On this warm Thursday evening at Canada’s Men’s National Team training camp, spirits are high. As training concluded for the day, they engaged in a fun post-training shooting competition, where the majority of the players participated in the popular game of two-touch, with goals being met with cheers and misses being met with intense ribbing from teammates.
As goalkeepers Max Crepeau and Marco Carducci stood in goal and faced the shots of their teammates, Canada’s longtime number 1 goalkeeper, Milan Borjan, roamed the pitch, speaking with staff and teammates, before settling in to watch, cheering on his goalkeeping brethren whenever they managed to get their hands to the ball.
When Borjan came over to speak with BTSVancity, he was still smiling, revelling in the opportunity to once again represent his country, giving off the air of a man that truly enjoys the trek he does over from Serbia to do so. You speak with him and you see someone who relishes the opportunity to play football, as he enjoys taking the time to talk about the game.
So ahead of the start of this Nations League and World Cup qualifying campaign, he feels good to be back with this Canadian squad.
“Feels really good,” Borjan said with a smile when speaking to BTSVancity after training. “A lot of tactical stuff we’ve been doing, preparing for these two games, things are going good, guys are very excited to get onto the pitch on Saturday and start these qualifiers and start this league with the 1st win.”
From Serbia to Canada and eventually the National Team:
Borjan was born in the now-Serbian city of Knin back in 1987 when it was still part of Yugoslavia. He was 13 when he and his family moved to Canada, first installing themselves in Winnipeg, before making Hamilton their permanent home a year later. He spent over half of a decade in Hamilton, growing up playing soccer, badminton and volleyball, but he eventually decided to concentrate on going pro in the world’s game, dedicating himself to a future between the sticks, having played primarily as a goalie since the age of 8.
He speaks of his experience in Canada fondly, as he is deeply grateful for the opportunity that the country gave him and his family. Whenever the opportunity presents itself, he is proud to make the trip over to wherever he needs to be to represent the shirt, no matter how big the distance. For this camp in Toronto, it took nearly half a day of flying, but Borjan is happy to come represent the maple leaf, and as an added bonus, see some family he hasn’t seen in a while.
“It feels amazing actually,” Borjan said happily. “My family’s here so it feels really nice to come and see them, I haven’t seen them for a long time, so yeah I’m really happy to be back here, and it’s always nice to come home”
A dual-citizen of Canada and Serbia, Borjan came into the National Team fold a lot later than a talent of his level typically would. He did not suit up for any of the many youth national teams that Canada has, instead making his national team debut at any level in 2011 at 23 years of age for the first team in a friendly. “2011, in February against Greece.” to be exact, as he made sure to remind me.
When he committed to Canada, he was in the midst of an impressive 2010-2011 campaign for Serbian side FK Rad, as he would become one of the top goalkeepers in Serbia that year as he helped Rad finish 4th and earn a berth in the Europa League qualification phase. When he made his commitment to Canada towards the tail-end of that campaign, it came as a sigh of relief for Canadian fans, but for Borjan, it was a chance to give back to a country that gave him so much.
“I had a choice, to play for Serbia or for Canada,” Borjan said of the choice. “And I chose Canada. Why? Because Canada helped my family, and this is the way that I want to return to Canada,”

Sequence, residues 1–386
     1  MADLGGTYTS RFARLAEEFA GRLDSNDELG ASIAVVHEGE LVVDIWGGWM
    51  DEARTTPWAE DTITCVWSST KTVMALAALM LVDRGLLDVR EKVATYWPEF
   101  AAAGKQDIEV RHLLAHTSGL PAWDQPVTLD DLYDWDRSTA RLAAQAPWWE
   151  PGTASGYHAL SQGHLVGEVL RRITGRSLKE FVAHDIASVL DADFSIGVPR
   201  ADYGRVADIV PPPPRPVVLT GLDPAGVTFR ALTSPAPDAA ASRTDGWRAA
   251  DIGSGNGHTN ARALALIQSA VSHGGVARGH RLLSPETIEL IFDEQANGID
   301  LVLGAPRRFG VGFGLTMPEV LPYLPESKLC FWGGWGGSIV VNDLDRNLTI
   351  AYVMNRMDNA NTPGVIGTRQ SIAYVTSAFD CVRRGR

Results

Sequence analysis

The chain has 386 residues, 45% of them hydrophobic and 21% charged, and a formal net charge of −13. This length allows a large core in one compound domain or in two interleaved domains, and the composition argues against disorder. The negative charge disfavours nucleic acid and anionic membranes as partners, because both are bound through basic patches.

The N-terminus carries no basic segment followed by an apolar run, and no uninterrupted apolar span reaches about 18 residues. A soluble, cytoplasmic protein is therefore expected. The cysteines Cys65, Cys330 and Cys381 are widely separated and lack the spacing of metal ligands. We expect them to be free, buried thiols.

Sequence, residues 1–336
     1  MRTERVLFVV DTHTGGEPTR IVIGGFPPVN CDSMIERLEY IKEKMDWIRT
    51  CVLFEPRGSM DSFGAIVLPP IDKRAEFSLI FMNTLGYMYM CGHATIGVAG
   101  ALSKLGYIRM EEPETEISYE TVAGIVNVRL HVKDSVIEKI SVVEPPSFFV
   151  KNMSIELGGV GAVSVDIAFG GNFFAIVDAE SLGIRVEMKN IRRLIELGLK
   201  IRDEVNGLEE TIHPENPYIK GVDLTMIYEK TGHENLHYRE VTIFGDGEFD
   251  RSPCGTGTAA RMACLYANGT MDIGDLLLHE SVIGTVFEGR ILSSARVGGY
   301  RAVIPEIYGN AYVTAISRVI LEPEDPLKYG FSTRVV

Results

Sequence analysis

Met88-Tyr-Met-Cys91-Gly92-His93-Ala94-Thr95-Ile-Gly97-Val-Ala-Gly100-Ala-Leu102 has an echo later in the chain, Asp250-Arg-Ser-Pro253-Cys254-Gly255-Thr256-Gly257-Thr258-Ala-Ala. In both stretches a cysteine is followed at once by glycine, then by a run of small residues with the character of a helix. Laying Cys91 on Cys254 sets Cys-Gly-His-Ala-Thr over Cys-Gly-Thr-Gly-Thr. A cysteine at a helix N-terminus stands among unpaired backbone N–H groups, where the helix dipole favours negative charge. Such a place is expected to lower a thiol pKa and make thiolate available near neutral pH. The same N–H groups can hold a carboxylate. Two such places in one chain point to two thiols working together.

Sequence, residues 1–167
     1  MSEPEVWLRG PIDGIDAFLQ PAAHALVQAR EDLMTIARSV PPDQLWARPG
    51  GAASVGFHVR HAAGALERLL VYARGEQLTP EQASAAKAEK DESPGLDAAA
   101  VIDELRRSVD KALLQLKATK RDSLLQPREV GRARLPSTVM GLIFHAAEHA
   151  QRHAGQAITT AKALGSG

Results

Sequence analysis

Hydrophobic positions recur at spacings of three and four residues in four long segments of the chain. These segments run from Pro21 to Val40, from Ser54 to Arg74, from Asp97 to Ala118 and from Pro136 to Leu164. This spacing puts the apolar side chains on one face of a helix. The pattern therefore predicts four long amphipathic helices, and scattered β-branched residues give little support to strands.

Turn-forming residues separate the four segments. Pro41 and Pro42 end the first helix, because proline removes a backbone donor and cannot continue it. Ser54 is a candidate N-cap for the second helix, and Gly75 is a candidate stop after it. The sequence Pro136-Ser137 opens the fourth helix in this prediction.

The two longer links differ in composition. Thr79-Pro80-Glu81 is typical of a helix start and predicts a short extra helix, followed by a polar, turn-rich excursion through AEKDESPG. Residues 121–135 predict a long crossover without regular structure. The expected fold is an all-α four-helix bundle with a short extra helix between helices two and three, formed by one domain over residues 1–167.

“So thank you Canada!” he finished with a laugh.
I chose Canada. Why? Because Canada helped my family, and this is the way that I want to return to CanadaCanadian Men’s National team starting goalkeeper, Milan Borjan
And from his debut with the national team and onwards, he has only continued to progress, both in terms of his clubs he played at, as well as his personal performance in his journey to establish himself as one of the best in Europe.
After his season with Rad, it was off to Turkey, where he plied his trade for Sivas-based side Sivasspor for a couple of seasons. His time there started out slow, as he finished the 2011-2012 campaign on loan to Romanian side FC Vaslui, but he soon became the main guy in Sivas, playing over 30 matches in both the league and cup in 2012-2013. He helped them make a deep run to the semi-finals of the cup, only losing to Trabzonspor over a two-legged series, but they were underwhelming in the league, finishing 12th, despite being a year removed from a 5th place finish.
When the next season concluded, Borjan found himself playing much less than he had the previous campaign, despite Sivasspor bouncing back to a 5th place league finish, so he decided to move on, making the move to Bulgarian side PKF Ludogorets. It was there where he would start to catch the attention of a lot more eyeballs, as he got to play in both the Champions League and Europa League, where his team got to face off against the likes of Arsenal, Real Madrid and Liverpool over a couple of seasons, and he got some much-needed experience from those games.
So when he fell out of favour in Bulgaria, finishing the 2017 year on loan to Polish side Korona Kielce, it wasn’t long until a new team came calling. Red Star Belgrade, fresh off losing regular goalkeeper Filip Manojlović to Spanish side Getafe, needed a new goalkeeper to guide them through the 2017-2018 campaign. They called Borjan and he was more than happy to return to Serbia, and it has since been a match made in heaven, as Borjan has helped them win the league in back-to-back campaigns, as well as help them return to the Champions League for the first time in over 20 years, reaching the group stages in last year’s competition.
And thanks to strong performances from Borjan in this summer’s qualification campaign, they find themselves back once again, as Borjan continues to relish the opportunity that Red Star have offered him.